6 Markers of Healthy Spirituality for Mental Health

6 Markers of Mentally Healthy Spirituality

What would a Mentally Healthy Spirituality look like? Over my life, I have been involved in many different styles of Christian denominational expression, or Ice Cream flavors as I like to say.

Staid conservative Bible fundamentalism, ‘swinging from the chandeliers’ Pentecostalism, social justice activism, and many other ice cream flavors.

They all have strengths and weaknesses. 

Some aspects of all of them have been helpful to my Mental health while some aspects have been downright destructive.

People often ask me ‘What Church should I go to?’

I suppose I would answer this question with this statement.

‘A Church that keeps you grounded in reality,
connects you with Biblical truth,
is actively part of the local community,
and promotes a healthy spirituality.’

 

So what does a Healthy Spirituality look like?

( adapted from David Benner [1])

1. Grounded in Reality, seeing things as they are.

There is no greater disaster in the spiritual life than to be immersed in unreality, for life is maintained and nourished in us by our vital relation with realities outside and above us.

When our life feeds on unreality it must starve and die.

The death by which we enter into life is not an escape from reality but a complete gift of ourselves which involves a total commitment to reality. Thomas Merton

It is the acceptance of what reality can and cannot fulfil that leads to real change because, short of the progressive destruction of illusion and consequent mourning, one cannot discover the world as it is. Donald Winnicott

Reality itself – my limited and sometimes misinterpreted experience -is the revelatory place for God. But for some reason, we prefer fabricated realities to the strong and sensitizing face of what is. The spiritual life begins with accepting and living our reality. Richard Rohr

2. Awareness

The spiritual life is, first of all, a matter of keeping awake. Thomas Merton

We have to accept that we are all sleep walkers. We need to awaken and we need to learn to see. Spirituality is about seeing. Once you see, the rest follows. Jesus tells us that if our eye is healthy our whole body will be full of light. Richard Rohr

3. Hopeful openness

    • To life, to others and to God

The most important question each person has to answer -“is the universe friendly?” Einstein

4. Loving connectedness

    • Connectedness with others, with the earth, with God
    • Interdependency, compared to codependency and independency

5. Transcendent meaningfulness

    • Making sense of personal reality in a way that gives direction and purpose to life
    • Having a framework to make sense of failure and suffering
    • Making suffering sufferable
    • Movement beyond egocentricity and entitlement
    • Capacity for grace and gratitude

6. Capacity for love, work and play

    • Altruistic attitude toward others
    • Sense of vocation
    • Spontaneity and playfulness

Questions to Consider and leave a comment.

  • How would you answer the question ‘What Church should I go to?’
  • What would be the signs for you of a Healthy Spirituality?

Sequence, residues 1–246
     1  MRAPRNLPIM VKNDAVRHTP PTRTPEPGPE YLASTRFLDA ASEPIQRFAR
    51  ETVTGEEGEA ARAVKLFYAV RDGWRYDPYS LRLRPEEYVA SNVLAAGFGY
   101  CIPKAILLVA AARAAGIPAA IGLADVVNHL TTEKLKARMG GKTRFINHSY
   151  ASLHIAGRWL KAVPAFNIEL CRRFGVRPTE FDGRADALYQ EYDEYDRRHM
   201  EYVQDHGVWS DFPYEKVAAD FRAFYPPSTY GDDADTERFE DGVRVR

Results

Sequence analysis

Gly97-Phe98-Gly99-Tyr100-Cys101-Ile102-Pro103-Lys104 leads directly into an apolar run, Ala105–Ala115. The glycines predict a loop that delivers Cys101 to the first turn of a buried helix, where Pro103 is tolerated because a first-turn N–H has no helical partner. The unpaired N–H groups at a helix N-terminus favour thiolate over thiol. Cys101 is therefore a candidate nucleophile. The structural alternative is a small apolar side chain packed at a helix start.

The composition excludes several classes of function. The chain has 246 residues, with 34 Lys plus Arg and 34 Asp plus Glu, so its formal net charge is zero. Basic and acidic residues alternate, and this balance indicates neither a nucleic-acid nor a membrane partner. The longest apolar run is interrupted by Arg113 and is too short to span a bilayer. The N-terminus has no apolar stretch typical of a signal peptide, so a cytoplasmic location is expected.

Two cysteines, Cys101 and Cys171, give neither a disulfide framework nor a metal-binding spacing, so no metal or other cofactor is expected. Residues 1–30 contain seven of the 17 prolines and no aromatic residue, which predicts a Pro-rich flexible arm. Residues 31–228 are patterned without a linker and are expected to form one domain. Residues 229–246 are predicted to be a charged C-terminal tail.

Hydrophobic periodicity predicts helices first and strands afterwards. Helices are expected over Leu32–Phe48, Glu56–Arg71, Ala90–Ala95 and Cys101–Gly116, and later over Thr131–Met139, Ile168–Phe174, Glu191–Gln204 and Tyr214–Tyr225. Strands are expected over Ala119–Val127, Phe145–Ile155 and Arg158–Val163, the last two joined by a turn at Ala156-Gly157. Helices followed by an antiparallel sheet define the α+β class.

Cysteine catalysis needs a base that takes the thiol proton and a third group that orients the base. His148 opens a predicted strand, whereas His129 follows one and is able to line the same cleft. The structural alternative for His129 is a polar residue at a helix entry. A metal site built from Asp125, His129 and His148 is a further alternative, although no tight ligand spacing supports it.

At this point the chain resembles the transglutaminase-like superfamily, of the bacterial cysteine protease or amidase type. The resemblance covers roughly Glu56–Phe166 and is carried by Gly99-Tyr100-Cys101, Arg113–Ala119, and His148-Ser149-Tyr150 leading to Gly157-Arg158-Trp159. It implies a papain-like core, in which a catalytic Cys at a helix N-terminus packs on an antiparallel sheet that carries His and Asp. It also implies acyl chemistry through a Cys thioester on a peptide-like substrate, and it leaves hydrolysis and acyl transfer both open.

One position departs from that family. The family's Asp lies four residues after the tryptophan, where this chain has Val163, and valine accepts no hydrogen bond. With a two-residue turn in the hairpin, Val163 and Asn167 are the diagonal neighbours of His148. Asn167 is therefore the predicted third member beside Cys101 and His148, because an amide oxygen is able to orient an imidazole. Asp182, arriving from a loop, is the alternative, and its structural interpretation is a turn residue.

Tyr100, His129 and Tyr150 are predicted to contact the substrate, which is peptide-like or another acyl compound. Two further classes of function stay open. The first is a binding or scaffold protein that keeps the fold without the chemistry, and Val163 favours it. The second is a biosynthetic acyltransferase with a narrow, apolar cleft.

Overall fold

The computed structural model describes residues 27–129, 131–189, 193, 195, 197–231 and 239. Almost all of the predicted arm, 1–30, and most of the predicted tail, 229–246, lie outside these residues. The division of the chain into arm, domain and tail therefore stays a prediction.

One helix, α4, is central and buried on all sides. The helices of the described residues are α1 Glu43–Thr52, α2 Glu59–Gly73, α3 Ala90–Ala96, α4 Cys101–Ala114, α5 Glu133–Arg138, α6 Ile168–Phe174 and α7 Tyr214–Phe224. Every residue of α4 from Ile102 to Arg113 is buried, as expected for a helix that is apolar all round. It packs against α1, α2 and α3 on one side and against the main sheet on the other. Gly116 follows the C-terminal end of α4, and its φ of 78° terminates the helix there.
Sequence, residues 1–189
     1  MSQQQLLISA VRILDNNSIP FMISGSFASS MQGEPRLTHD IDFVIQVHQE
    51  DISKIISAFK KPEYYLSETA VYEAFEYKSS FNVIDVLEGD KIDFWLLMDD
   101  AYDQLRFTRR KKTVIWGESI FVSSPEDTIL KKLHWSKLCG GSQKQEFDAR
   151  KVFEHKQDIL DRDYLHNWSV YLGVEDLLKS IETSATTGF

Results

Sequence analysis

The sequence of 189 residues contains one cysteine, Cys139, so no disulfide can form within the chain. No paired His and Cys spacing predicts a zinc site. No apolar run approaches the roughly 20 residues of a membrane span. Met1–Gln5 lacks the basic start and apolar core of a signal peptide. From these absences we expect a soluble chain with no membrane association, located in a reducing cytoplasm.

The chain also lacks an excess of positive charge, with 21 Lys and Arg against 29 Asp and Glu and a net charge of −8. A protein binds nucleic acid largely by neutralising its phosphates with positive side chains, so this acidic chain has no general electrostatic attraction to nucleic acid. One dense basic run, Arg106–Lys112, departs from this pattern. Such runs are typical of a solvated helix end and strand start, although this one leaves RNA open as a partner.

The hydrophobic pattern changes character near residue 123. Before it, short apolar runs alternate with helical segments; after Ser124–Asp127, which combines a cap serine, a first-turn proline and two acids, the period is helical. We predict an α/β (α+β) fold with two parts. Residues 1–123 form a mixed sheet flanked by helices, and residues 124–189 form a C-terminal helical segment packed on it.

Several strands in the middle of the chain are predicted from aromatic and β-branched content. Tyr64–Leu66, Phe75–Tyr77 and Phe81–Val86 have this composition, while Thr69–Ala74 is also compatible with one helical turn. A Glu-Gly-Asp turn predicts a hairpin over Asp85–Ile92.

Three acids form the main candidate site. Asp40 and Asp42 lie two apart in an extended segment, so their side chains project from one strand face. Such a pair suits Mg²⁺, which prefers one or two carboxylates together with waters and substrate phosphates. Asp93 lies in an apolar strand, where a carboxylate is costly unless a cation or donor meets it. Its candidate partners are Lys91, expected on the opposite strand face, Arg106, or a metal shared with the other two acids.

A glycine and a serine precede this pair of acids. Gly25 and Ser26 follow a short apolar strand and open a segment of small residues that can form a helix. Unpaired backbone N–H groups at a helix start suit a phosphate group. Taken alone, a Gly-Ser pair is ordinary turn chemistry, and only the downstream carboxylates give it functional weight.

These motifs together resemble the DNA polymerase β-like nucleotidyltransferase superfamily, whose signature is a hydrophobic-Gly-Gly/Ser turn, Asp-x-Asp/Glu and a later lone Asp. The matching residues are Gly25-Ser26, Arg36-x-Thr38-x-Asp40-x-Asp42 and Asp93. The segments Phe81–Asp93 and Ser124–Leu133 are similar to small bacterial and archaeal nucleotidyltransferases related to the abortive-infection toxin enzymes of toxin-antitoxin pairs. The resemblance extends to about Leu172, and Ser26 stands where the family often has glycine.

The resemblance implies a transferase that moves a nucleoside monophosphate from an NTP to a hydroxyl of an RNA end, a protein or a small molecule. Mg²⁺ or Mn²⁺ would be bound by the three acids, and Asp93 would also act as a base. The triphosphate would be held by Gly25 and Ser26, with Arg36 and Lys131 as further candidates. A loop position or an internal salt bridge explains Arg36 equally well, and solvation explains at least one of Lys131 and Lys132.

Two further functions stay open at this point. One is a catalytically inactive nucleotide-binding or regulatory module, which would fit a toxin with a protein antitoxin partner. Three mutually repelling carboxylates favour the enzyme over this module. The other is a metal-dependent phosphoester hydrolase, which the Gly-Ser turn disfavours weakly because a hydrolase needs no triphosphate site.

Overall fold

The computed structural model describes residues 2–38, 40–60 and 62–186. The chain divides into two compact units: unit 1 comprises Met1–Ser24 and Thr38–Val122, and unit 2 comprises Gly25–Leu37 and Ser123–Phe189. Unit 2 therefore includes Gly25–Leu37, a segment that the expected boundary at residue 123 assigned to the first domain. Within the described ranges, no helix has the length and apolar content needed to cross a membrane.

• In what ways can Mental Illness rob you of a Healthy Spirituality?
  • In what ways can Mental Illness actually lead you to a Healthy Spirituality?

Barry Pearman
Photo Credit: Cayusa via Compfight cc

Soulful Spirituality: Becoming Fully Alive and Deeply Human

Listening: A Spiritual Habit for Better Mental Health

How to Develop a Compass for the Brain

How to Develop a Compass for the Brain

I am lost and need a sense of true North. A focal point, a direction, a ‘something’ to aid my progress out of the fog. When the stress loading becomes too much it is very easy to lose your way. What we need is some sort of Thinking Compass.

Mental Illness is one of the worst fog generating experiences you can have.

Your brain can play tricks on you.

Your perceptions can change, sometimes quite dramatically, to being vastly different to everyone else’s.

I well remember someone pointing out to me the ‘Little spacemen in the tree’.

Psychosis was fogging his thinking, he was unwell, but in his mind, he was perfectly well.

Perhaps though the more subtle and less overt effects of mental illness can be more damaging. The thinking habits nurtured over many years in a watery soup of unawareness.

When the stress becomes too much for the fragile brain, we become disoriented, confused, and truly lost.

The fog has closed in and it’s black.

Mental illness often fog’s out a true perception of life. The perspective you have gets fogged by the interpretations you have made about events.

Event + Response = Outcome (E+R=O).

When the Response is affected by an illness then the Outcome can be disastrous.

When the stress loading becomes too much it is very easy to lose your way.

What we need is some sort of Thinking Compass. 

Something that we can refer back to time and time again, and that will always point towards true North. Always to healthy thinking and hope.

We don’t need some huge massive compass, too big to carry, too heavy to bear, and too incomprehensible to take in. When you are unwell you don’t want to be overloaded with information and unrealistic expectations.

Even previous learning experiences can hinder your uptake of new information.

It’s not so much that the client is unable to grasp the info, as he or she is easily discouraged, based on a fund of previous negative experiences in school. C. Scott McMillin

Do you have a compass for your brain? 

I have a handy-dandy little notebook (apologies to Blues Clues fans). It is small enough to fit in my back pocket and easy enough to pull out when I need a sense of direction.

I have a little notebook that is my Thinking Compass. I use a physical book, not an electronic recording device. I just think something quite tangible happens in the brain when you put the pen to paper.